With alternative modes of production reshaping the definition of “mainstream” well beyond the reach of studio cinema, it can be difficult for independent cinema to maintain its, well, independence.
Yet the British Independent Film Awards, now in their 17th year, still occupy a unique position in the U.K. awards calendar. Though their definition of independent cinema is hardly elitist, their nominees annually cover a large sector of British cinema not served by the BAFTAs — as the latter institution models itself ever more directly on the American Academy Awards, their spotlighting of homegrown product grows increasingly selective.
As a measure of the disconnect, the last three winners of BIFA’s top prize — “Tyrannosaur,” “Broken” and “Metro Manila” — scored just four BAFTA nominations among them, all in specialized or subsidiary categories. This year’s BIFA nominee list sees Yann Demange’s tough, low-grossing Troubles thriller “’71,” above, leading the count ahead of the Oscar-buzzed heritage biopics “Mr. Turner” and “The Imitation Game”; such an outcome in January’s BAFTA announcement, where Demange’s film will do well to score a Best British Film nom, is all but unthinkable.
Johanna von Fischer, a BIFA director of nine years’ standing, believes their awards are more representative than any other of the full spectrum of contemporary British filmmaking.
“The health of the industry is only reflected in BIFA, and each year it just gets stronger,” she says. “We’re in a position to celebrate films that are a bit more popular alongside smaller critical favorites, or even really strong genre films, that wouldn’t get noticed at other ceremonies.”
Past BIFA ceremonies have favored arthouse independents over those with broader crossover appeal: Memorable upsets in the awards’ history include “Red Road” lead Kate Dickie besting “The Queen” star Helen Mirren in the 2006 actress race, or oblique sci-fi pic “Moon” taking the top prize ahead of multiple Oscar nominee “An Education.” Still, the awards have drawn criticism for being overly generous to films sitting at the more mainstream end of the indie spectrum: A near-sweep for “The King’s Speech” in 2010 had some industry observers wondering if BIFA was failing to honor its own principles.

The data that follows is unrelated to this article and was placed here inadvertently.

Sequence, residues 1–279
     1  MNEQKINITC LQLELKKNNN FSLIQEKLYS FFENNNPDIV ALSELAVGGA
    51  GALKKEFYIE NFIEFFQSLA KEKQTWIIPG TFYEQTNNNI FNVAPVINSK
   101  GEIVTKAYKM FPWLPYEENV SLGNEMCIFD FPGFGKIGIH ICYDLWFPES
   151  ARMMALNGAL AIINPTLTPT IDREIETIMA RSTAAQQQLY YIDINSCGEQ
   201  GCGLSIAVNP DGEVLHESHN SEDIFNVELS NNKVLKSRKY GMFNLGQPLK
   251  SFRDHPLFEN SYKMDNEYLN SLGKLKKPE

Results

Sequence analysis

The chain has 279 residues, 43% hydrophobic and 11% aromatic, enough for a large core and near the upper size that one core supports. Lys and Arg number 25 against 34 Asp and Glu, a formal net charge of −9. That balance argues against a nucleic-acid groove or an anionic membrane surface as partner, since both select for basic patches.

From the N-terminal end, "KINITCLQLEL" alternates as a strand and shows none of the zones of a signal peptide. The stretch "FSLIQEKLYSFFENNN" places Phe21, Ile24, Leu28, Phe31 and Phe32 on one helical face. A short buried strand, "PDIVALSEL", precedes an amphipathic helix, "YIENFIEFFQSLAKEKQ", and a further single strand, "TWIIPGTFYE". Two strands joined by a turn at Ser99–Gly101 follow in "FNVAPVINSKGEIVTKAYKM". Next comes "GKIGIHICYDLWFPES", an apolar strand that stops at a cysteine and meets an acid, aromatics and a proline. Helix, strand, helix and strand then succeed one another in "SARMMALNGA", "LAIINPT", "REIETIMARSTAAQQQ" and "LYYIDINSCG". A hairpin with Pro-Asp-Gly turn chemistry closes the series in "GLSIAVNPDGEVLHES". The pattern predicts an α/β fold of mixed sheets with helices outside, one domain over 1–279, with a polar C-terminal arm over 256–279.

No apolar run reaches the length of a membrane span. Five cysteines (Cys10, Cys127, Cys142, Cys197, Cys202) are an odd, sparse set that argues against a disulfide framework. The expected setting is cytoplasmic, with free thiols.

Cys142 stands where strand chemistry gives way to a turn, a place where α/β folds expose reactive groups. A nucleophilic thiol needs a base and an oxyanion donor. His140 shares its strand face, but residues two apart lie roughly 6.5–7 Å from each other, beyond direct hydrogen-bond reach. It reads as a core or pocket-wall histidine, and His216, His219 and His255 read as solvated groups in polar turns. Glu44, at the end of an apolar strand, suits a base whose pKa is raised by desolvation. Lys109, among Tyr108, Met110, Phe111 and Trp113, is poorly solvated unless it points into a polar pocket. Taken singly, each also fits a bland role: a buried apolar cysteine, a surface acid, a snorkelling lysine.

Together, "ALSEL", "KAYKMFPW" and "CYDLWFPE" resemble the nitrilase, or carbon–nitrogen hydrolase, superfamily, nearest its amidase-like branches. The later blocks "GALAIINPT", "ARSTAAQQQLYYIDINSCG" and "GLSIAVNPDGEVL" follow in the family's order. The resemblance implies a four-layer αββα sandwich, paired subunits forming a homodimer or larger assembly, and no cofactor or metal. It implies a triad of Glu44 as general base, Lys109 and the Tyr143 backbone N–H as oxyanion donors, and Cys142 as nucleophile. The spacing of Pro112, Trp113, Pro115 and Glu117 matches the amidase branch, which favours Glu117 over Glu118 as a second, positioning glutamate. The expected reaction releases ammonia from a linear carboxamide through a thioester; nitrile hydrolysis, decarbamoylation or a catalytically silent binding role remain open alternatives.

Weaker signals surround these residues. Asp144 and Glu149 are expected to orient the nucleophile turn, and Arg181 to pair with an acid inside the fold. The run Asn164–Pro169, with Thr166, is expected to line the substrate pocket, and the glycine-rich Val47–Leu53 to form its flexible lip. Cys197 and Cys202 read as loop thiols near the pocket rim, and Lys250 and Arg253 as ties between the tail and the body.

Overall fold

Von Fischer is sanguine about such protests, describing films like “The King’s Speech” and “The Imitation Game” as essential to the process.
“When BIFA is criticized, it’s only a good thing, because it means people are engaging in the conversation about British independent film,” she says. “People might accuse us of rewarding films that don’t need our help, but if those films weren’t there, people would pay less attention. Part of their job is to raise the profile of the awards, to get people to notice the other films nominated alongside them.”
Meanwhile, annual complaints are made about films and individuals excluded from the shortlist — previous BIFA winner Peter Strickland’s acclaimed “The Duke of Burgundy” was one of this year’s most surprising no-shows.
Such omissions, says von Fischer, are merely a testament to the robust health of the indie industry: “When I first started at BIFA, we actually had to take our nominations down to four per category, because there just weren’t enough films. Now the problem is that there isn’t enough room.
“Each year, we’re told that this is it for British independent film, whether it’s down to funding or taxes or politics,” she continues. “But it just keeps growing.”
Emma Thompson will be honored with the Richard Harris Award at the Dec. 7 ceremony in London. Previous winners have included John Hurt, David Thewlis, Bob Hoskins, Jim Broadbent, Daniel Day-Lewis, Helena Bonham Carter, Ralph Fiennes, Michael Gambon and Julie Walters. Thompson was nominated in 1998 and 2008.
For a full list of nominations, see bifa.org.uk